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Communion 2011


Originally scheduled for February 6

Unless you are an avid collector, you are probably unaware of the number of commemorative coins issued by the United States Mint. It seems that Congress regularly authorizes the issue of such coins to honor various people, events, and places. That list of places includes some familiar ones, such as Mount Rushmore and Yellowstone National Park. Others are less known, such as the National Visitors Center in Washington DC. Some of the events are quite famous, such as various Civil War commemoratives. But did you know that we have a coin that commemorates the National Botanic Gardens? People range from the famous (such as Abraham Lincoln) to various anonymous groups, such as women who have served in the Armed Forces. You can get these coins in a variety of materials, including silver and gold.

Human beings, it seems, need something to symbolize their memories. Even the earliest of cultures had something resembling a gravestone. Often enough, the Memorial item is in and of itself a rather expensive thing — gold is running over $1000 an ounce as of this writing, and we are issuing gold coins as commemoratives. It is as if we were saying to ourselves, "don't forget this."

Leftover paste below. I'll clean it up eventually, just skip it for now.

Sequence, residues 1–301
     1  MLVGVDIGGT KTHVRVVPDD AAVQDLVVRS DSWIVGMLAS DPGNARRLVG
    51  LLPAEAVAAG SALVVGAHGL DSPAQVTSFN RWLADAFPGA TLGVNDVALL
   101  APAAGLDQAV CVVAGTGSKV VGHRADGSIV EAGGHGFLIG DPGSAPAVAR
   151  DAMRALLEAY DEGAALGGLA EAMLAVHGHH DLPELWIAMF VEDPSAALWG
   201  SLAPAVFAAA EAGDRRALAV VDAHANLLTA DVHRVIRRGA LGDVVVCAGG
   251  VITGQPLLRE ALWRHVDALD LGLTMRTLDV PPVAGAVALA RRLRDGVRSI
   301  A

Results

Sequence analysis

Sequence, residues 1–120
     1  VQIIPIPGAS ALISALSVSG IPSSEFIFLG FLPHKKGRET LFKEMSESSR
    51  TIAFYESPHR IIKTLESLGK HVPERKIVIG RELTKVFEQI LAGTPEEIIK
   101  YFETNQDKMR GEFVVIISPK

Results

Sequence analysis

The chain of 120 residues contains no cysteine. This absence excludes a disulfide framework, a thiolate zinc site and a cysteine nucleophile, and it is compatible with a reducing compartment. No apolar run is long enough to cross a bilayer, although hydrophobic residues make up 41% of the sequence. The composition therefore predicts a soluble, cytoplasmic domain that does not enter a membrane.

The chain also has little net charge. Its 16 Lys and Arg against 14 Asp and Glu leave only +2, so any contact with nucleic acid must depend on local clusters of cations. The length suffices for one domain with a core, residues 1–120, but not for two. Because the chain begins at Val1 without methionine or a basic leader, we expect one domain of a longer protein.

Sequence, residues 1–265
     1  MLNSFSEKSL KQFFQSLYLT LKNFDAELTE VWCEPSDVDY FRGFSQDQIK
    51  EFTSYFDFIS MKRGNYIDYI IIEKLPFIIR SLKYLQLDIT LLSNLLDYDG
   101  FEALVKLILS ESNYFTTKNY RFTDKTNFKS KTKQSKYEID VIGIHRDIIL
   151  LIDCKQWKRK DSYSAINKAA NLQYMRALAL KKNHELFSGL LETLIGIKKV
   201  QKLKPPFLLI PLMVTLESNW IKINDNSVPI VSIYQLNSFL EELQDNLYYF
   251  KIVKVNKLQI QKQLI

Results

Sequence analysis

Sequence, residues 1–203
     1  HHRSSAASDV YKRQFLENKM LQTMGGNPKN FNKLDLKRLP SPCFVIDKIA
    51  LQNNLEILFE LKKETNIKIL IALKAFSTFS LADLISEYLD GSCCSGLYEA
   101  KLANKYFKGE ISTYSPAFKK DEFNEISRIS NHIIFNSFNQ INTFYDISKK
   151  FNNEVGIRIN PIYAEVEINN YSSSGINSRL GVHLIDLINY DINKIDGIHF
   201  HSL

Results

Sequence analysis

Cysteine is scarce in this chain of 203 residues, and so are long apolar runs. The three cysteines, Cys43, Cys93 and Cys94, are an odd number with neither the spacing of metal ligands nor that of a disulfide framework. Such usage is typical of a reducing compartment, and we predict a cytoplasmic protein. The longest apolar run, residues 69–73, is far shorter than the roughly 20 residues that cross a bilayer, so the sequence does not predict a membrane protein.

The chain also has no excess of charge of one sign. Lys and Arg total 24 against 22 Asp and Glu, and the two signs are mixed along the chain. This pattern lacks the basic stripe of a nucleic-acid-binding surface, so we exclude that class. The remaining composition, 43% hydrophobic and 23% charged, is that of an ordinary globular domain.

Communion likewise is a commemorative. The place it commemorates is rather a dusty one; it's a small hill just outside the old city of Jerusalem. Yet we have many hymns that speak of Calvary; we remember. The event that we are remembering was a common form of criminal execution of the time; the locals would have seen it as ordinary. We see it for what it is: the sacrifice of the Lamb of God. Most important of all, we commemorate the person of this event: Jesus, the Christ.

Commemorative coins exist to bring your memory back to the surface; when you see them, you remember. Communion does the same thing for the Christian, so that we might remember the sacrifice of our Lord that brought us salvation.

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